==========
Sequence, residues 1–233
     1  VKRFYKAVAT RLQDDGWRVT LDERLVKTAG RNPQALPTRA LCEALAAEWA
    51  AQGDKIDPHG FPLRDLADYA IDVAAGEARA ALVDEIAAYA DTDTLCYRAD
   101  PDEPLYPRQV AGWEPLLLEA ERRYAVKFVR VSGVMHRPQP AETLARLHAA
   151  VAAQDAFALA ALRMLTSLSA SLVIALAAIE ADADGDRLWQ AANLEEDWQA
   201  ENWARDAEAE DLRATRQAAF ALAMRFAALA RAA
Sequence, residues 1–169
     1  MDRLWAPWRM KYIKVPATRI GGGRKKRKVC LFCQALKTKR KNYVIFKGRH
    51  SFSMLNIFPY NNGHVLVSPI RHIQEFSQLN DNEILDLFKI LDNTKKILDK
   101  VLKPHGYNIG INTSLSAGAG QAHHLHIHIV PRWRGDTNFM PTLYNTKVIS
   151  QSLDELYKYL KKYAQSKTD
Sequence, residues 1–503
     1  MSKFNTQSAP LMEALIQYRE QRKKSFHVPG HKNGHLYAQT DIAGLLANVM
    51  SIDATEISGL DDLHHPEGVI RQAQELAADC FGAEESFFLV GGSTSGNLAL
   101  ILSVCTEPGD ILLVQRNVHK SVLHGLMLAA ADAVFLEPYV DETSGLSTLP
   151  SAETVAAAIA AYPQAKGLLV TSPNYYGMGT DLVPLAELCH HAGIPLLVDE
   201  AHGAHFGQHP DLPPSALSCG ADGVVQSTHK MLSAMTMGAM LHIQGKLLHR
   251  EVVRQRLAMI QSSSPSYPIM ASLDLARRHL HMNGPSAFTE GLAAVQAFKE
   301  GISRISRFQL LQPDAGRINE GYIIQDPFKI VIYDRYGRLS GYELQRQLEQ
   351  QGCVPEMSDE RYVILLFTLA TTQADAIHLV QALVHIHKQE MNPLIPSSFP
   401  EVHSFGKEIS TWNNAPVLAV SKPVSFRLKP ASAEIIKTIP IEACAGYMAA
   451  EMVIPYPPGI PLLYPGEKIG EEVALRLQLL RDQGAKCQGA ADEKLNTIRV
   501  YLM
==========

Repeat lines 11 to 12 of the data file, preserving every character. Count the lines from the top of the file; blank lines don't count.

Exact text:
   151  QSLDELYKYL KKYAQSKTD
Sequence, residues 1–503